Know More about
CAVITY FILLINGS
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What is dental cavity filling? 

A dental cavity lodges the food you eat, germs and decomposed tooth. As the cavity becomes bigger and bigger, the germs may involve the nerve of the tooth causing root infection. To prevent this, the cavity if filled with a strong material that will prevent anything else from lodging in the cavity, and help you to eat with the tooth normally. The dental cavity can be filled with many different materials. The common ones are metal (silver amalgam), a tooth coloured polymer material (resin composite) or porcelain (dental ceramic). 

How is it done?

The dental cavity can be filled in two ways - directly by the dentist in a single sitting or by getting the filling made from a laboratory (which requires atleast two sittings). The direct (single sitting) filling is done for materials like silver and resin composite. Here, it is done in the following steps:
1. The tooth is numbed (anesthetized) to prevent any sensation during the cavity filling procedure. 
2. All decomposed and bacteria-filled areas of the tooth are removed with a dental drill. This will leave a clean hole or cavity in the tooth. This clean cavity is further shaped by the dentist to get a good filling. 
3. The cavity is filled with the filling material. 
4. Once the filling material is set strongly, it can be polished to make it smooth. 
 The cavity fillings that are made in the dental laboratory are much stronger than these direct fillings. They are called as inlays or onlays (depending on their size; onlays are generally bigger). 
1. The tooth is numbed (anesthetized) to prevent any sensation during the cavity filling procedure. 
2. All decomposed and bacteria-filled areas of the tooth are removed with a dental drill. The clean hole or cavity left behind is further shaped by the dentist to get a good, long lasting dental filling. 
3. An accurate measurement or "impression" is made of the cut cavity in the tooth. 
4. Using the impression in the dental laboratory, a filling is made that fits perfectly into the cavity. This can be made with metal alloys or with ceramic.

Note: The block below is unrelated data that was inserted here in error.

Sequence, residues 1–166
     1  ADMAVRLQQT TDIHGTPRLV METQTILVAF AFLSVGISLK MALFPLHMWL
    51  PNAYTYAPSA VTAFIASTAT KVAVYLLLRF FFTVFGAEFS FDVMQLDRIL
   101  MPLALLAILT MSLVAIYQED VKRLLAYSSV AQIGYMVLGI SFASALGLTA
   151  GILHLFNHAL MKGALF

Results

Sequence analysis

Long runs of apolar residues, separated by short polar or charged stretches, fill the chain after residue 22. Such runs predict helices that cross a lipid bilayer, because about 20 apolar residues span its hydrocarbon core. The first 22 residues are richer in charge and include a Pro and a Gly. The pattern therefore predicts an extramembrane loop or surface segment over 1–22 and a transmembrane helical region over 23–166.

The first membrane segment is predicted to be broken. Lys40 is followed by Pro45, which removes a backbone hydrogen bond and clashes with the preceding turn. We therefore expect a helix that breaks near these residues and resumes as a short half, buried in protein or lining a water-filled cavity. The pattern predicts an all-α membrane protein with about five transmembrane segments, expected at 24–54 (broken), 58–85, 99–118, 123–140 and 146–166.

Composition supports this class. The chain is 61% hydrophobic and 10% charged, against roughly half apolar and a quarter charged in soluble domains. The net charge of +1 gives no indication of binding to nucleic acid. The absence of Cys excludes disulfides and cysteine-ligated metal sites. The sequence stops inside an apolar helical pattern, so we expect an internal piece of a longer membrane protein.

5. In your second sitting, the inlay is permanently fixed in the cavity using special material called dental cements. 
 
how is dental cavity filled

Steps in Dental Cavity Filling: 
1. Cavity is cleaned with a dental drill using water spray under pressure. 
2. The cavity is further shaped to get a good filling. 
3. The filling can be made directly by the dentist in the cavity or fabricated in a laboratory to be fixed (cemented) into the cavity by the dentist. 

What else should I know about Dental Cavity Filling? 

Dental cavity fillings are a simple way to keep your teeth healthy and strong. If done before the cavities become too deep, they will help you in eating with the teeth normally. If this treatment is delayed, the cavities may reach the nerve of the tooth - when more extensive procedures like root canal treatment (RCT) become necessary. 
 Not all deep cavities need RCT. Sometimes, the dentist may clinically judge the cavity to be deep but not involving the nerve of the tooth. In such a case, specially designed medicaments are placed in the depths of the cavity and a filling can be done. Such teeth may still require RCT, but the chances are less. 
  Recent studies indicate that not all dental decay requires fillings. Fluoride treatment with good oral hygiene practices is a good way to prevent cavities from becoming deeper. For early cavities, this non-invasive treatment modality may be employed rather than the more extensive drilling for a cavity filling. But once again, such preventive treatments can only work in the early stages of tooth decay, and that is why annual dental check-ups are important to detect dental problems early. 
A quick "brush-up"
Procedure
Dental Cavity Filling, Inlays and Onlays
Done for 
Dental decay, Tooth cavities
Number of sittings
1-2 sittings of 30-60 minutes
Pain/ Discomfort
Sensitivity if done without anesthesia, Sensitivity after filling occasionally that subsides soon
Deep cavities may need Root Canal Treatment
Complications
Requires anesthesia (numbing)
Yes
Operative Dentist/ Endodontist
Specialist
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